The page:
• Women receiving therapy may experience amenorrhea, absence of withdrawal bleeding, even if they are not pregnant; if scheduled (withdrawal) bleeding does not occur, consider the possibility of pregnancy if the patient has not adhered to the prescribed dosing schedule (missed one or more active tablets or started taking them on a day later than she should have); consider the possibility of pregnancy at the time of first missed period and take appropriate diagnostic measures; if the patient has adhered to the prescribed regimen and misses two consecutive periods, rule out pregnancy

Pregnancy and Lactation

  • There is little or no increased risk of birth defects in women who inadvertently use combination oral contraceptives during early pregnancy; epidemiologic studies and meta-analyses have not found an increased risk of genital or non-genital birth defects (including cardiac anomalies and limb-reduction defects) following exposure to low dose combination oral contraceptives before conception or during early pregnancy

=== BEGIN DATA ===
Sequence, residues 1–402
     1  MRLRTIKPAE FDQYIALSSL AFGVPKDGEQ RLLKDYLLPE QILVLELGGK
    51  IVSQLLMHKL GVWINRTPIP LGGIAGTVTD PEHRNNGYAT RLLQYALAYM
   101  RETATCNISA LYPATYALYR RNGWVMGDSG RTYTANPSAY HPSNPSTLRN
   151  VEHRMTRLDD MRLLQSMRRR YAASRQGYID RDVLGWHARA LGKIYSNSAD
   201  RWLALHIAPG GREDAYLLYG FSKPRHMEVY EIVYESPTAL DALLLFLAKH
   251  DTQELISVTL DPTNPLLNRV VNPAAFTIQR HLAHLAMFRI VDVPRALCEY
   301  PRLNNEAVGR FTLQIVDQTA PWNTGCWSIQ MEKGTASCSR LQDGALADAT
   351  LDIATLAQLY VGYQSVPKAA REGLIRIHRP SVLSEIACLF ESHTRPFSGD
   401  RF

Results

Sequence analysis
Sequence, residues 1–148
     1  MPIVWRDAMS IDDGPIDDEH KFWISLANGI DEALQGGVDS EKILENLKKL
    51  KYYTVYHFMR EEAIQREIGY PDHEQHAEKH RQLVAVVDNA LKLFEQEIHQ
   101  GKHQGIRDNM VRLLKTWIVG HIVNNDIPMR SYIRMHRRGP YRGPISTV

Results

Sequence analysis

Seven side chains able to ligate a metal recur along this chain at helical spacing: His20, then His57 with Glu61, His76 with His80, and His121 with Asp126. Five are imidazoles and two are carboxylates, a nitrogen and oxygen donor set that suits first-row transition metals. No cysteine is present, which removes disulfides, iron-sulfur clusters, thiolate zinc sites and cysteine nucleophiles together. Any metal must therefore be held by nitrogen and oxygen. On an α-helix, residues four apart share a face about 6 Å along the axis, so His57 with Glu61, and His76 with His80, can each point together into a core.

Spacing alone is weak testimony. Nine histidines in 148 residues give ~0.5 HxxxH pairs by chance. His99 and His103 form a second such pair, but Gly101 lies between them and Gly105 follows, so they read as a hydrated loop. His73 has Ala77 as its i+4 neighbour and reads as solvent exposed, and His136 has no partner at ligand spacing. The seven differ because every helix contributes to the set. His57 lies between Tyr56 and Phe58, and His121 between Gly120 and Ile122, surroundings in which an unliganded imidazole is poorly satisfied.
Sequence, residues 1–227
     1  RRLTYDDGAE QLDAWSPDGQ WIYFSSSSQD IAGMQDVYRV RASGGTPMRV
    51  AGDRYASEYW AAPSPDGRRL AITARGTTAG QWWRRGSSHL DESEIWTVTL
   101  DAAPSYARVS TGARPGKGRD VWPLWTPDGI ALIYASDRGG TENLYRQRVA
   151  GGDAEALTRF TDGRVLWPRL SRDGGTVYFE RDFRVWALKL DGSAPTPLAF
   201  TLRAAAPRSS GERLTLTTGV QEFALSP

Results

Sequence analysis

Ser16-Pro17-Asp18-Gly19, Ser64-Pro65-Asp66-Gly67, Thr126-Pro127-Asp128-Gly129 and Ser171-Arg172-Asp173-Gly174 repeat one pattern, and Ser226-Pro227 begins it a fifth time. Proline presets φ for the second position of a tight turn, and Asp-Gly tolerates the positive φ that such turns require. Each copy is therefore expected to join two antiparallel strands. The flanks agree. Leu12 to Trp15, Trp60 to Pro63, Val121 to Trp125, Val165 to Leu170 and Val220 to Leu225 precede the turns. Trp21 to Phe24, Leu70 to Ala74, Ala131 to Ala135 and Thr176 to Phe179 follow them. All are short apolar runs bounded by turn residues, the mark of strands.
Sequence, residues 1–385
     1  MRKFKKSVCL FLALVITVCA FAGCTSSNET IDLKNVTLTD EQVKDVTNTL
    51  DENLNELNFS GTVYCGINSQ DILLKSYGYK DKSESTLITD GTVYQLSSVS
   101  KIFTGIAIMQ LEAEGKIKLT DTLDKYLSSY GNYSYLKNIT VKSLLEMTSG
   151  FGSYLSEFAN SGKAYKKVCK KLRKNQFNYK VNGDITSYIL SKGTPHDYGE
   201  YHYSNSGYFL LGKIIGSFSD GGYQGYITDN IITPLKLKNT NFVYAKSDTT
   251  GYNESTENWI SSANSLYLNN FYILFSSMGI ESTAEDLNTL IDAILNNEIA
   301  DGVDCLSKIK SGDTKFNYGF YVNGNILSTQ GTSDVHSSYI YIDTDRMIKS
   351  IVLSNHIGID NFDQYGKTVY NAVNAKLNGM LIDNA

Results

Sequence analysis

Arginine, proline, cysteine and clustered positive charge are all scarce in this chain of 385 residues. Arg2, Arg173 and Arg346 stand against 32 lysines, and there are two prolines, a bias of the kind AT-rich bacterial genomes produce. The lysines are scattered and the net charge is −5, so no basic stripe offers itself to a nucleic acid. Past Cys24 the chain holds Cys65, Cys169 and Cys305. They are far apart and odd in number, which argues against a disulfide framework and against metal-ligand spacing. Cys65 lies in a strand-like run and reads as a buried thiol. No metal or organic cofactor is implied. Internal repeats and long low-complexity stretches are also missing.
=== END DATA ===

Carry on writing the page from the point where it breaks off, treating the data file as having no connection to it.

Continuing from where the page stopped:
• Not to be administered to induce withdrawal bleeding as a test for pregnancy; not for use during pregnancy to treat threatened or habitual abortion
  • Lactation
    • Advise the nursing mother to use other forms of contraception, when possible until she has weaned her child; combination oral contraceptives can reduce milk production in breastfeeding mothers; this is less likely to occur once breastfeeding is well established; however, it can occur at any time in some women; small amounts of oral contraceptive steroids and/or metabolites are present in breast milk 

QUESTION

Which of the following are methods for contraception? See Answer
References
https://reference.medscape.com/drug/altavera-seasonique-levonorgestrel-oral-ethinyl-estradiol-342762#0

Health Solutions From Our Sponsors